Quinnipiac University, in Hamden Connecticut, claims to be committed to “building one of the most environmentally friendly campuses in America,” according to its 2018-19 Student Handbook. But, the private institution still has a long way to go–with more steps taken back than forward from the university.

With single-stream recycling, BRITA Hydration Stations, solar panels, geothermal wells and a windgarden, Quinnipiac presents itself as a leader in sustainability. At first glance, it’s easy to think Quinnipiac is on track to fulfilling their mission.

How does Quinnipiac stack up?

The University of Connecticut (UConn), roughly an hour northeast of Quinnipiac, has an Office of Environmental Policy, which according to its website, “continues to direct ‘green’ campus initiatives, energy and water conservation, and environmental literacy.”

In 2016, UCONN received a GOLD rating on it’s Sustainability Tracking, Assessment & Rating System (STARS) submission, posting on their website, “Although STARS does not publish rankings, of the 230+ schools with current STARS 2.0 ratings, UConn had the second highest score.”

STARS, a self-reporting plan for colleges and universities to measure their sustainability performance, is intended to give colleges and universities recognition for taking first steps toward sustainability.

No one from Quinnipiac has submitted the university for a STARS rating, but in 2014 Quinnipiac conducted a campus culture report with Resonate Sustainability Search, a global recruitment firm specializing in all aspects of environmental, technology, renewable and alternative energy.

In the report, 64 percent of QU students who completed the survey agreed that, “Most QU students are not really concerned about sustainability issues.”

The student survey results show that 55 percent of students who took the survey are willing to get involved in that effort, agreeing with the statement, “I would like to become involved in sustainability projects or events on campus.”

Students Against Environmental Action (SEA) has been a club on campus several different times, but continues to struggle as student interest is inconsistent.

Leah Lavin, vice president of SEA and student at Quinnipiac helped revive the organization this semester, with hopes of the organization taking off.


When the University was developing a building plan for the York Hill Campus, built in 2009, they had two major ‘green’ initiatives in mind.

“The first is a wind garden composed of 42 vertical-axis wind turbines that will generate about 84,000 kilowatt hours per year,” according to an O&G Industries report. “They are built into a garden, complete with stone benches providing an area for student gathering and reflection. The second is the placement of 1,232 photovoltaic solar panels on the roof of the 475,000 SF Crescent Residence Hall, converting energy from the Sun to electricity and generating about 250,000 kilowatt hours per year.”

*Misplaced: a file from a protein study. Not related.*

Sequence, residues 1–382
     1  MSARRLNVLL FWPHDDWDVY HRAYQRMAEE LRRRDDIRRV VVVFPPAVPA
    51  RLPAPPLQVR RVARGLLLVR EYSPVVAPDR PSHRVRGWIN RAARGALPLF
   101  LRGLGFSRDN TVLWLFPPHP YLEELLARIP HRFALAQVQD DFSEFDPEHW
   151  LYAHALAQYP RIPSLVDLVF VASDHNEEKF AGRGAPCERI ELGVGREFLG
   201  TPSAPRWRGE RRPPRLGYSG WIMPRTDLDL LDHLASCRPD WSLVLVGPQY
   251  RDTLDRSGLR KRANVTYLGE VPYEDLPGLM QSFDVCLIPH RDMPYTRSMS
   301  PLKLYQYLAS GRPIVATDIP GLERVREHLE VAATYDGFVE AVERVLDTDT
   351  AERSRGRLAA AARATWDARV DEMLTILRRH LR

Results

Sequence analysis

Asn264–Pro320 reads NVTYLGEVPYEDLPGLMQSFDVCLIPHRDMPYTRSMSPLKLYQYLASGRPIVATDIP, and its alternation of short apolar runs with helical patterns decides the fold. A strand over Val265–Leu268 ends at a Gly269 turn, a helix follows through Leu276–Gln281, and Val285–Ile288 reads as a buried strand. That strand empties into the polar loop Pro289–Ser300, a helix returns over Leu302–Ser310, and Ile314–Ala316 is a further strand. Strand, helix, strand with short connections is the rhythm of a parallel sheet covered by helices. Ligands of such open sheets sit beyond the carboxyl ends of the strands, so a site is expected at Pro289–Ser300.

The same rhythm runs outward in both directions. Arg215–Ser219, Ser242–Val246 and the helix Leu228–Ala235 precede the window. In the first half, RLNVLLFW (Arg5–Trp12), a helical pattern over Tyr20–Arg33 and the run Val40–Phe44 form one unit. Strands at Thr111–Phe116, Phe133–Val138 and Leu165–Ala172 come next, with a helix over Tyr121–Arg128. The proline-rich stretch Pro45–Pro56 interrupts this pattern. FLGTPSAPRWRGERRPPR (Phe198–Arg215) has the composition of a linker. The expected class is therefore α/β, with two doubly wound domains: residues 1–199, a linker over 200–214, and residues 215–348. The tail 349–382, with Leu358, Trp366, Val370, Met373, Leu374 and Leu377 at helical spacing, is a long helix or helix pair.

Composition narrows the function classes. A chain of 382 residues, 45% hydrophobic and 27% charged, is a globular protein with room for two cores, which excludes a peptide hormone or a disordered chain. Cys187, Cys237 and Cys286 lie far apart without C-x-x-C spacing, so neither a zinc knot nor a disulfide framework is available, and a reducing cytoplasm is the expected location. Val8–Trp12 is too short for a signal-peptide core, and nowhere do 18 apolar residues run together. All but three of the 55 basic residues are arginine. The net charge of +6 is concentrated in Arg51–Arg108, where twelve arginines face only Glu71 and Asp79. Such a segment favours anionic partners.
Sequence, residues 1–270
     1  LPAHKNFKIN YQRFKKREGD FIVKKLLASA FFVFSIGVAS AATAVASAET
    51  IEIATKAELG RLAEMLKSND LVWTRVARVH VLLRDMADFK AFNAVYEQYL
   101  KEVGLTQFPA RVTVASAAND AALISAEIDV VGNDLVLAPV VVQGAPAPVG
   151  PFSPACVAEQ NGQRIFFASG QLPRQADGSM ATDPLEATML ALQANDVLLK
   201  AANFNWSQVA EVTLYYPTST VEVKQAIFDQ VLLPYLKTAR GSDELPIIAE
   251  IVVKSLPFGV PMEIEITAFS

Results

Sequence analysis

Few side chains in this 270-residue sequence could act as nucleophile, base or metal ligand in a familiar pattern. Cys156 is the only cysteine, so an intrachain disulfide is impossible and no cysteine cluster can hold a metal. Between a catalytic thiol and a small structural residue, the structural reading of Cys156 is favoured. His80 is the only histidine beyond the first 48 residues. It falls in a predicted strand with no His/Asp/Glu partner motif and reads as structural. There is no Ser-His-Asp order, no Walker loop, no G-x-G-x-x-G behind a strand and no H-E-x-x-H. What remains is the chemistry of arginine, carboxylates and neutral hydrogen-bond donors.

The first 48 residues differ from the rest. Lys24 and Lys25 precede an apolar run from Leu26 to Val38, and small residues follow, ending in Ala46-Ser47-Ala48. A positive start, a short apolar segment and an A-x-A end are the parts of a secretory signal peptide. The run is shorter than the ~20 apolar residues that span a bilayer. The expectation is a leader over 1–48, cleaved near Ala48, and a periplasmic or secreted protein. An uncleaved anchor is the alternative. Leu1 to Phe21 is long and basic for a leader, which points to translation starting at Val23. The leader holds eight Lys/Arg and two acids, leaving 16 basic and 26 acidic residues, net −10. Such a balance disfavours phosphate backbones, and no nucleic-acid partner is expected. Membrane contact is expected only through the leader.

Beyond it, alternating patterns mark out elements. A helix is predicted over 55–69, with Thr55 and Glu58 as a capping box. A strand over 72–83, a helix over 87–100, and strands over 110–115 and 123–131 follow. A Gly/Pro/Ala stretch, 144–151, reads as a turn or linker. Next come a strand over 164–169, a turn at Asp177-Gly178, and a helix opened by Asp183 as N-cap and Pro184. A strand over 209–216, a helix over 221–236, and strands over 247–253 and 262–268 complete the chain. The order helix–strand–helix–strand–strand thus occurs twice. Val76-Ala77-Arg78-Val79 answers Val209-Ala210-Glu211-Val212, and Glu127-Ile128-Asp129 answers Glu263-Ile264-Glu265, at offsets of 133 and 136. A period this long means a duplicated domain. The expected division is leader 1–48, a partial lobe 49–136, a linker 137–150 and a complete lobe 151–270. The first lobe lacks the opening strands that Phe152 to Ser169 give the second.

Ten years ago, The New York Times published the article, “Quinnipiac to Harness the Wind for Power,” reporting that Quinnipiac’s ‘wind farm’ built on their York Hill Campus, will, “serve as a symbol of the green technology that is guiding the construction of the new campus.”

Since that article was published, Quinnipiac’s wind farm hasn’t lived up to its promise. The turbines no longer function, as reported in a 2018 Quinnipiac Chronicle article. The wind farm, installed in 2008, serves as a symbol of sustainability rather than actually producing reusable energy because the manufacturer, Windspire, went bankrupt in 2012.

“Windspire Energy, formerly Mariah Power, filed for federal bankruptcy protection in January. The company had gained a great deal of attention for its slim vertical wind turbines and had sales of $11 million in 2010, but revenues plummeted by 75 percent the following year,” according to a 2012 Northern Nevada Business Review article.

Real wind farms have immense turbines that are hundreds of feet tall, which would not function well on York Hill Campus as they take up space and are loud, according to associate professor civil engineering and director of civil engineering program John Greenleaf.

“Most of them don’t even move anymore, there’s a couple that still spin, but they are disconnected and are not generating power,” Greenleaf said. “Honestly, that’s a pretty small wind farm. It’s more of kind of a demonstration scale–but I think that’s good. Some of it is just for show, ‘hey look we are doing this.’ You can have students design things and try and implement them up there. Like a windtower design–could be a chance for an educational experience as well. ”

The 721 solar panels sit discreetly atop the dorm building Crescent, according to Keith Woodward, associate vice president for facilities operations.

The university also installed a geothermal heat pump system, with 48 wells in a closed loop system, approximately 500 feet deep. Geothermal heat pumps, or wells, create energy efficient heat by transferring energy to and from the earth, according to Energy Homes.

“There’s a lot of good stuff up there that you don’t even know because you don’t see the solar panels, you don’t know the wells are there,” said Greenleaf.


Quinnipiac University student residents are divided into two campuses, Mount Carmel Campus, which is the main campus and York Hill Campus, with several upperclassmen living in off-campus houses, walking distance from the school.

The biking culture on campus is slim to none, as many students find the roads leading up to the university to be unsafe. With minimal sidewalks and windy poorly lit roads, it makes sense why.

In an informal Google Forms survey sent to Quinnipiac students with 42 participants, 40 responded ‘no’ to if they ride a bike to the Mount Carmel Campus.

When asked how they get to main campus, 19 responded with taking the Quinnipiac shuttle, 11 said they drive solo. Of those who live off campus, 22 said they drive to campus alone from an off campus quinnipiac house and one responded and said that they ride a bike.